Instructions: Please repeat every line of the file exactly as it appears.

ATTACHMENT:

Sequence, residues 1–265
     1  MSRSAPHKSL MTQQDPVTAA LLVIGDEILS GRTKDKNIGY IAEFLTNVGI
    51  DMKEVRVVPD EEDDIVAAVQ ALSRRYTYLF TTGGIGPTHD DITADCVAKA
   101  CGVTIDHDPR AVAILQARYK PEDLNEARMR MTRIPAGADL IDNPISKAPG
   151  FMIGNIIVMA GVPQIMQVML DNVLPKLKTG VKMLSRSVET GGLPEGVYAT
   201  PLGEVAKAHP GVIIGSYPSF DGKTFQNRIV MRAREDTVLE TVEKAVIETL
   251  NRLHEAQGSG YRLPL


Sequence, residues 1–265
     1  MSRSAPHKSL MTQQDPVTAA LLVIGDEILS GRTKDKNIGY IAEFLTNVGI
    51  DMKEVRVVPD EEDDIVAAVQ ALSRRYTYLF TTGGIGPTHD DITADCVAKA
   101  CGVTIDHDPR AVAILQARYK PEDLNEARMR MTRIPAGADL IDNPISKAPG
   151  FMIGNIIVMA GVPQIMQVML DNVLPKLKTG VKMLSRSVET GGLPEGVYAT
   201  PLGEVAKAHP GVIIGSYPSF DGKTFQNRIV MRAREDTVLE TVEKAVIETL
   251  NRLHEAQGSG YRLPL